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    Elderly Chinese Ready Victims for Phony Physicians

    Fake medical professionals on WeChat sell medicines that don’t work or aren’t necessary.

    Ming Xin is a firm believer in the health benefits of herbal therapy. But her family began to worry when the 62-year-old recently decided to stop taking her blood pressure medication in favor of a special tea she had bought online.

    “When she felt dizzy the other day and a test showed her systolic blood pressure was 190, she still insisted that a cup of vine extract tea would do her fine,” Ming’s daughter, Bao Wei, told Sixth Tone. Systolic blood pressure above 140 is generally considered unhealthy.

    But no matter how hard Bao tried to tell her mother that the tea was no good, the older woman wouldn’t budge. Ming, who lives in the northeastern city of Harbin, had bought the tea from someone who sells medicine on WeChat, China’s ubiquitous messaging app. She told Sixth Tone that her friends had recommended the vendor to her.

    Bao said many senior citizens are tricked into buying similar products with dubious promises of improved health, either from online con artists or phony pharmaceutical companies that arrange so-called health events for the unsuspecting elderly.

    According to Wang Xinliang, a lawyer from Jinan, capital of eastern China’s Shandong province, fake doctors on WeChat are a relatively new phenomenon. Many swindlers who prey on the elderly usually go door to door and leave the area before the more discerning members of the younger generation find out their parents have been tricked. But online scammers can’t hide for long, Wang told Sixth Tone, as WeChat accounts are linked to telephone numbers, which can only be acquired by presenting an ID card. Consequently, the online con artists are relatively easy to track down.

    Nevertheless, Wang said, this doesn’t seem to deter the crafty quacks. In July 2016, Wang founded the country’s first nongovernmental anti-fraud and rights-safeguarding center for seniors. During the center’s first six months, it received more than 1,000 complaints from elderly people who had been deceived in one way or another. “In Jinan, the vast majority of old people — including my own mother — have been victims of these scams,” he said.

    According to Wang, less than 5 percent of swindled seniors succeed in getting their money back — and that’s precisely why his center focuses on raising awareness.

    “Seniors are targeted by scams because they will more easily believe false advertisements and exaggerated claims about the products’ effects,” Wang said. “And they tend to follow trends: Once they see others speaking highly of the products and buying a lot of them, they won’t want to miss out. They’re not aware that these people have been paid to be decoys.”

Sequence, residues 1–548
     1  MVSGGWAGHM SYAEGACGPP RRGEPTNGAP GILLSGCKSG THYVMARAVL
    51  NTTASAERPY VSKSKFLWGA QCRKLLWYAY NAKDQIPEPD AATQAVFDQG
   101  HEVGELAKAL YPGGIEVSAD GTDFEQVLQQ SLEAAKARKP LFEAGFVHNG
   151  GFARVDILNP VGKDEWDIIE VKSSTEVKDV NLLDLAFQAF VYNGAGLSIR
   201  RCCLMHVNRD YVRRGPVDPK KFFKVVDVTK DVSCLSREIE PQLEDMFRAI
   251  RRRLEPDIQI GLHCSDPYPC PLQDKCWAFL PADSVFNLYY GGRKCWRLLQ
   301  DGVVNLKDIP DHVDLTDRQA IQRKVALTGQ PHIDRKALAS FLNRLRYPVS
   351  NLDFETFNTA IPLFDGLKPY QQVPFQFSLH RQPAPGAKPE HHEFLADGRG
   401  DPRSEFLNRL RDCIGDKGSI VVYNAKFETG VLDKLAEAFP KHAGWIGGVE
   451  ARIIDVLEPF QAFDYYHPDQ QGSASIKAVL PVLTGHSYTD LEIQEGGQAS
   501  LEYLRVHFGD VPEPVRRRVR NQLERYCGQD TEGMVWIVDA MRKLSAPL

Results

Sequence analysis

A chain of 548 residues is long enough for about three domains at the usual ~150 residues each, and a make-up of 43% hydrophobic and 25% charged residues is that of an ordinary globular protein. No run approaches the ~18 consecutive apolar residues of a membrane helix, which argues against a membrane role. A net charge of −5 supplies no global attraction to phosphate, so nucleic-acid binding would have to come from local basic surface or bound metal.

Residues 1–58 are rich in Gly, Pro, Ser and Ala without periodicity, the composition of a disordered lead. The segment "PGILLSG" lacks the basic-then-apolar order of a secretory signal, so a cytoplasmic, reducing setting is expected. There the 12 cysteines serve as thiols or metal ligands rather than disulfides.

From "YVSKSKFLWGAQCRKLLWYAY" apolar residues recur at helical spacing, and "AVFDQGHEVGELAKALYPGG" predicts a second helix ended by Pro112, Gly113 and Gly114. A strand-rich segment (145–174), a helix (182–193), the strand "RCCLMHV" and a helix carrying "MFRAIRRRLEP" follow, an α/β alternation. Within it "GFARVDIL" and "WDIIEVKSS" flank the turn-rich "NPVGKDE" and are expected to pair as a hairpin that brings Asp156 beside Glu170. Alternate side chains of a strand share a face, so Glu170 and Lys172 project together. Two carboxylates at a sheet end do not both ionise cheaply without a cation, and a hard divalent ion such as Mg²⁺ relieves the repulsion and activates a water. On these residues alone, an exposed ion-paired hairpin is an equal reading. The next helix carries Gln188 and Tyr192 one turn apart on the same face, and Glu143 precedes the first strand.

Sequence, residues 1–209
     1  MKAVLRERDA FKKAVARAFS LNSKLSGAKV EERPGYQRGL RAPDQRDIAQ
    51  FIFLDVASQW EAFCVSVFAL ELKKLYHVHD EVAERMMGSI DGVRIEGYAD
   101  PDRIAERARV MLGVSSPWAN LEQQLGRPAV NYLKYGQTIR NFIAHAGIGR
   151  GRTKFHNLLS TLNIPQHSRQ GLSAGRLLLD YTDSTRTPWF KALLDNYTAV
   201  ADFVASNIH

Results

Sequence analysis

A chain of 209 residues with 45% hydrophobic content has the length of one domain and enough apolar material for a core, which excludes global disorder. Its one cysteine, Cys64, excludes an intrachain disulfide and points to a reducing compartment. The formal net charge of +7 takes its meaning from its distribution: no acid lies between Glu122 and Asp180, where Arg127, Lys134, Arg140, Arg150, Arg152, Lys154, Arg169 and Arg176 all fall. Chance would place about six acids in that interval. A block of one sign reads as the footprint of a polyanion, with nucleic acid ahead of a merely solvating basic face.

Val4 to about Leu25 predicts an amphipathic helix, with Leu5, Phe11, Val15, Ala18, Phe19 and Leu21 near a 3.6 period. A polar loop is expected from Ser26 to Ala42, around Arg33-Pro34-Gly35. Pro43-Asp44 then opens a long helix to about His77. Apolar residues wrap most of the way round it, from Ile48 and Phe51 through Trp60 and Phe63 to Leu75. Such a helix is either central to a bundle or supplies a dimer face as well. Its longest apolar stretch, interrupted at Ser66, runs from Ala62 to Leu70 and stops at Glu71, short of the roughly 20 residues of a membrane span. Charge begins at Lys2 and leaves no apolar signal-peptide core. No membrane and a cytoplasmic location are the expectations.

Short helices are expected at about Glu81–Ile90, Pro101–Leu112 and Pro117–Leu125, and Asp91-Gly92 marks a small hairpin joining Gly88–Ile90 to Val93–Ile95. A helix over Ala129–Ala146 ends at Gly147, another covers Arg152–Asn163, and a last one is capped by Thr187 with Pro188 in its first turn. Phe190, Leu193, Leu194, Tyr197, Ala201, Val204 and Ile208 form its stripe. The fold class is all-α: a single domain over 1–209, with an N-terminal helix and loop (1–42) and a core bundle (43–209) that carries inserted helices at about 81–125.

Wang pointed out that many who have been cheated are empty nesters whose children live far away from their hometowns. Once they are approached by silver-tongued scammers who give them attention and treat them with kindness, they can become emotionally attached and spend money on products they don’t need.

    “Older people trust these con artists even more than they trust hospital doctors,” said Bao, who added that her mother refused to reveal how much money she had spent on the vine extract tea she’s been drinking for months now. “But what I do know is that her blood pressure hasn’t been stable since she stopped taking her medicine.”

    In a recent report by Party-affiliated newspaper Beijing Youth Daily, a “doctor” on WeChat was revealed to have advertised his products using the photo of a real doctor at an international hospital in Beijing. The fake doctor claimed the medicine he sold could treat varicose veins and hair loss.

    With the availability of more than 2,000 health care apps in China, it has become common for people to consult doctors online. What is less common, however, is doctors using WeChat as a portal through which to practice.

    Yu Huiju, a pediatrician in Shanghai, said she only gives her personal WeChat account to the families of a select few patients. She offers advice when the children have minor complaints but said she would never prescribe medicine in a personal chat.

    “It’s because we’ve established a certain degree of friendship over a long period of time,” Yu said of the patients’ families she communicates with outside of work. “Sometimes they ask me about specific conditions or whether a hospital visit is necessary, but I don’t charge a penny for these conversations.”

    Ming, meanwhile, doesn’t think she was scammed to begin with. “The vine extract tea is very useful; it works much better than hospital drugs, most of which have side effects,” she said. “I felt a lot better after I drank the tea.”

    As a testament to the tea’s healing properties, Ming recalled a time it even helped her grandchild: “One day when my daughter was not home, I rubbed it into the eczema around the neck of my 5-month-old granddaughter. The next day, it had disappeared.”

    (Header image: An elderly man using a mobile phone sits on a bench by the river on the campus of East China Normal University in Shanghai, March 6, 2012. Gao Zheng for Sixth Tone)